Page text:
UMBC President Freeman A. Hrabowski, III, often says that part of his formula for the success of his campus is engaging his colleagues in questions about education and innovation.
“We are constantly asking questions about important issues. How do we ensure that students from all backgrounds excel? How do we use technology to strengthen teaching and learning?”
It’s this practice that has helped UMBC create an institutional model of inclusive excellence and increase the representation of minority students in science and engineering.
Now, Hrabowski has been recognized for this work with the 2011 TIAA-CREF Theodore M. Hesburgh Award for Leadership Excellence. Developed to recognize leadership excellence that reflects both commitment to higher education and contributions to the greater good, the Hesburgh Award is one of the most prestigious and respected awards in the higher education community.
“The achievements this award celebrates are really those of my colleagues and students,” said Hrabowski. “The award says that people around the country are recognizing what we are doing. We believe in the power of education to transform lives.”
The Hesburgh award is named in honor of Reverend Theodore M. Hesburgh, C.S.C., president emeritus of the University of Notre Dame, nationally renowned educator and world humanitarian.
“On behalf of the University System of Maryland, I am very pleased to congratulate Freeman Hrabowski on receiving this prestigious and well-deserved honor,” said University System of Maryland Chancellor Brit Kirwan. “As president of UMBC and throughout his career, Freeman has championed academic and research excellence; diversity and inclusion; and access and success for underrepresented students, especially in the STEM fields.”
“It’s an honor to be in the company of Chancellor Kirwan, who received last year’s Hesburgh award,” said Hrabowski, who became president of UMBC in 1992. “This recognition highlights the strong support that our Governor, legislators and other state officials give to higher education in Maryland.”
In 2008, Hrabowski was named one of America’s Best Leaders by U.S. News and World Report, which in both 2009 and 2010 ranked UMBC the #1 “Up-and-Coming” university in the nation. In 2009, Time magazine named him one of America’s 10 Best College Presidents.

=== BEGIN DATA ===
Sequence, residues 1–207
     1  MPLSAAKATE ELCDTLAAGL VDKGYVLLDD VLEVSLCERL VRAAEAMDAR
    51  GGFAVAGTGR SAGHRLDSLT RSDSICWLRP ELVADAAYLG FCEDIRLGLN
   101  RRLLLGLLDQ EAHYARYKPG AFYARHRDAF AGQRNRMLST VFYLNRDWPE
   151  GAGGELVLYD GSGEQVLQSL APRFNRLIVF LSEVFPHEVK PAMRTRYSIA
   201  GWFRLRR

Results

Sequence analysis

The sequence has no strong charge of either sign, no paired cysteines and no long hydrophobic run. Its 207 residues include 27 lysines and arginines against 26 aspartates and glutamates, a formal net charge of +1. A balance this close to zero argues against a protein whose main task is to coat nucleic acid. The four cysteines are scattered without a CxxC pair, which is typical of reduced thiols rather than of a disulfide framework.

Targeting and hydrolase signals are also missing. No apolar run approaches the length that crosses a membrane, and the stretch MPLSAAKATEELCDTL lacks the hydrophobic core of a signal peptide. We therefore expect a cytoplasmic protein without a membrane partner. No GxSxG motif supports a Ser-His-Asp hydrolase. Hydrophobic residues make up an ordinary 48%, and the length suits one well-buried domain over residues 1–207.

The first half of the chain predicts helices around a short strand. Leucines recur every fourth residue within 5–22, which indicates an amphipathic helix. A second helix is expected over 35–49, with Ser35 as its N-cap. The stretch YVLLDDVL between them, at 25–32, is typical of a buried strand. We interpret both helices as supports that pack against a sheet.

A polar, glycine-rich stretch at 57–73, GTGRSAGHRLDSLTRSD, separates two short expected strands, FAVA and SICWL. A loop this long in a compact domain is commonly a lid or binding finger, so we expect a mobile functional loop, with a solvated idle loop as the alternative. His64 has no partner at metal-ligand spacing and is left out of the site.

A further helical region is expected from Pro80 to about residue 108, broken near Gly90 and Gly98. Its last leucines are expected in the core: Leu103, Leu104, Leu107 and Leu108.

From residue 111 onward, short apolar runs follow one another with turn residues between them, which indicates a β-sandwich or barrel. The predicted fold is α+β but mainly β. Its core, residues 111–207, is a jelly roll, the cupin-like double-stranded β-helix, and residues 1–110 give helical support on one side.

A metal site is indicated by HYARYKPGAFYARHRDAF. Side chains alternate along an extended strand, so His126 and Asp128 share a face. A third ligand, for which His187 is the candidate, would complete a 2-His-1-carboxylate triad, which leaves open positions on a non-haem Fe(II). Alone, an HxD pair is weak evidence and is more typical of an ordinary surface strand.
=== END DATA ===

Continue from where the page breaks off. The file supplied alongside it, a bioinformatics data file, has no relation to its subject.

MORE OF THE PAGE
With Baltimore philanthropist Robert Meyerhoff, Hrabowski co-founded the Meyerhoff Scholars Program at UMBC in 1988 for minority students committed to pursuing advanced degrees in science and engineering. Today, UMBC is among the nation’s leading institutions in producing African American graduates who go on to complete STEM Ph.D.s and M.D./Ph.D.s. Hrabowski recently chaired a National Academies committee that has recommended strategies for expanding underrepresented minority participation in science and engineering.
UMBC is committed to providing a distinctive undergraduate experience, providing students with learning communities and hands-on research and creative opportunities throughout the Baltimore-Washington region and beyond. The success of the Meyerhoff program has led to initiatives that provide opportunities for all students to learn in community. For example, the University has redesigned first-year STEM courses, emphasizing group learning and technology, resulting in higher pass rates, and the campus is now part of an NSF-funded program to track student success and enhance STEM retention and graduation rates.
Model undergraduate scholars programs in the humanities, arts and public affairs; living-learning communities in residence halls; and First-Year Seminars and the Introduction to an Honors University course also build on the group-learning model, while at the same time providing connections to faculty from the moment students arrive on campus. Competitive awards in undergraduate research are offered across disciplines, and student work is celebrated during Undergraduate Research & Creative Achievement Day and in two undergraduate journals.
In addition, UMBC’s NSF-funded PROMISE program is providing support and resources for graduate students in order to increase the graduate student population in STEM fields. Also, UMBC’s NSF-supported ADVANCE program has been instrumental in helping to increase the number of women faculty in science and engineering.
UMBC also is committed to supporting economic development and enhancing the region’s quality of life. Over the past 20 years, UMBC has been a model for developing partnerships focused on technology development and commercialization, supported by bwtech@UMBC, UMBC’s research park and incubator. Two sites house more than 70 biotech, IT/engineering and cybersecurity tenants.
Hrabowski said that innovation within the academy is critical as the nation faces an unprecedented set of challenges. “It takes all of us in the academy to build our institutions and prepare the next generation of leaders. Higher education is more important now than ever before for both our nation and humankind. I am honored to accept this award on behalf of my UMBC colleagues and students, and to have our work associated with the example of extraordinary leadership provided by Father Hesburgh.”